Why Can’t Georgia Take Full Advantage of Opportunities Provided by the Deep and Comprehensive Free Trade Area (DCFTA)?

Natia Daghelishvili

The Deep and Comprehensive Free Trade Area (DCFTA) provides a preferential regime for trade between Georgia and the EU and creates opportunities to increase access between the markets based on harmonized regulations. More specifically, DCFTA enables Georgian entrepreneurs to sell their products in one of the biggest markets in the world – the EU single market – without tax burdens and quotas. Between 2013 and 2017, the share of Georgia’s overall export to the EU increased from 20.9% to 24%, (more…)


Trendy Tbilisi: where Georgian fashion meets public diplomacy

Lorraine Vaney

In the last three years, the Georgian fashion scene has gone through an unprecedented development. Tbilisi became a new hot-spot for buyers and opinion makers looking for authenticity, avant-gardism and exoticism. The capital of Georgia certainly took advantage of the dynamics ruling and extending the global fashion market – as did other capitals with less success.

In a highly competitive market, it has somehow become a requisite for capital cities to have their own fashion week like those in NY, London, Milan, Paris and Berlin as a visual demonstration of wealth and taste. So why and how did Tbilisi become the new fashion destination in Europe? How could this attractive industry serve as a soft power tool on the road to European integration? Part of the answer has to do with shared European culture and public diplomacy. (more…)


Beyond top-down democratisation: protests of Georgian students, ‘ravers’ and workers

Tornike Bakakuri

Over the last couple of years, Georgia’s protesting scene has experienced an interesting transformation – the emergence of self-organised groups and networks, exerting direct pressure on the state instead of relying on political parties and the international community. This blog post focuses on three examples of such collective action – student, ‘raver’ and worker protests.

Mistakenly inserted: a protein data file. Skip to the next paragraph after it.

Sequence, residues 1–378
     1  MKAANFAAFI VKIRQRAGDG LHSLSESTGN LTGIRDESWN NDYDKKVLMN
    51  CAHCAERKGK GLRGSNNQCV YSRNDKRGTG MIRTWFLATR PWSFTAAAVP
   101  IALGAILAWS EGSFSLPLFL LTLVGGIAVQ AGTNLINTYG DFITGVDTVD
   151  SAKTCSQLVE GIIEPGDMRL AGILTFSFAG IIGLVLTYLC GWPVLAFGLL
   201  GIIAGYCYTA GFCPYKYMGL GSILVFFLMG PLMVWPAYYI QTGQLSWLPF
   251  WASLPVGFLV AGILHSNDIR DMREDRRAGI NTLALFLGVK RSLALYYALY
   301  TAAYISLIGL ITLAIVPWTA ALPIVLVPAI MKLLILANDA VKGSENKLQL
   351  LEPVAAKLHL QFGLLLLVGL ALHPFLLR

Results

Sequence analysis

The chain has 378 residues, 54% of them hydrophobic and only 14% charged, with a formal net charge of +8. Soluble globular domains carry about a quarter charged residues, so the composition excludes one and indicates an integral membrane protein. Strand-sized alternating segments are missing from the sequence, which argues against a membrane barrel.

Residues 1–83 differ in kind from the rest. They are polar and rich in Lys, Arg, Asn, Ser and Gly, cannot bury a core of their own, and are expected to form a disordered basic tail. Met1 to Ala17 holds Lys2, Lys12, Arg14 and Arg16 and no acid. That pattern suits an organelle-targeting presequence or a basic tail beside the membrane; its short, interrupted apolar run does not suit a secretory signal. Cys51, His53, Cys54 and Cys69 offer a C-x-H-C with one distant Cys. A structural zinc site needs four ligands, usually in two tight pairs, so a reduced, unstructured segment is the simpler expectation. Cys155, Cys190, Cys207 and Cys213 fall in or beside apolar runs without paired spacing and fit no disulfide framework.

• Georgia’s protesting scene: turning complaints into action

From ‘Solidarność’ to ‘Gilets Jaunes’, recent European history shows the sweeping power of protest movements in the process of democratisation and social transformation. However, such developments have largely been hindered in Georgia and some other Eastern European countries by civil wars, conflicts and economic collapse in the early 1990s. (more…)


GIP Commentary: When an Election Damages Democracy: Lessons from the 2018 Georgia’s Presidential Election 

Kornely Kakachia, Bidzina Lebanidze

Georgia’s recent presidential elections exposed many of the problems that have been aggravating the country’s democratization process over the last few years. By electing the country’s first female president, Georgia has made one step forward — but the violations that were documented during the vote represent two steps back  in its efforts to consolidate its fragile democracy. International and local observers believe that the process of democratic consolidation is slowing down even as fundamental democratic norms are increasingly under threat, including wide political acceptance of the election results and the values associated with a responsible opposition. The country finds itself stuck in a semi-democratic limbo with the ruling party caught between the conflicting objectives of completing the democratization of the country and retaining political power. (more…)


Russia’s Information Warfare: A Menace to Georgian National Security

Irakli Jgharkava

Following the Russo-Georgian war in 2008, Russia’s Information Warfare (IW) campaign targeting Georgia has become a threat to the country’s national security and has put a damper on its European agenda.  As the Facebook pages that disseminate anti-West propaganda proliferate alongside mounting fake news, it is worth exploring how Russia conducts its IW against Georgia and in what ways it endangers Georgian national security.